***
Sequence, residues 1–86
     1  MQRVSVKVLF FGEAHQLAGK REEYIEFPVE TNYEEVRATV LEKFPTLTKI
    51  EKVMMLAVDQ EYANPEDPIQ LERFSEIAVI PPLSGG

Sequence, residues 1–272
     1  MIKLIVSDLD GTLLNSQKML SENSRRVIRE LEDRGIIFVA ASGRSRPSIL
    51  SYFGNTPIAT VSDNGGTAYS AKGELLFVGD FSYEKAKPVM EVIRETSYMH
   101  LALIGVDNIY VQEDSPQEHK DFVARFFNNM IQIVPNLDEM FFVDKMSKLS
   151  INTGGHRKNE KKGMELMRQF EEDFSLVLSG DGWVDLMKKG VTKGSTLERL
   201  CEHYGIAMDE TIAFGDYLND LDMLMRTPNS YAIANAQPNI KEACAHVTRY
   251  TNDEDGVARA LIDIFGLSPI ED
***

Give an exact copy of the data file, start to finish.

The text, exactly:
Sequence, residues 1–86
     1  MQRVSVKVLF FGEAHQLAGK REEYIEFPVE TNYEEVRATV LEKFPTLTKI
    51  EKVMMLAVDQ EYANPEDPIQ LERFSEIAVI PPLSGG

Sequence, residues 1–272
     1  MIKLIVSDLD GTLLNSQKML SENSRRVIRE LEDRGIIFVA ASGRSRPSIL
    51  SYFGNTPIAT VSDNGGTAYS AKGELLFVGD FSYEKAKPVM EVIRETSYMH
   101  LALIGVDNIY VQEDSPQEHK DFVARFFNNM IQIVPNLDEM FFVDKMSKLS
   151  INTGGHRKNE KKGMELMRQF EEDFSLVLSG DGWVDLMKKG VTKGSTLERL
   201  CEHYGIAMDE TIAFGDYLND LDMLMRTPNS YAIANAQPNI KEACAHVTRY
   251  TNDEDGVARA LIDIFGLSPI ED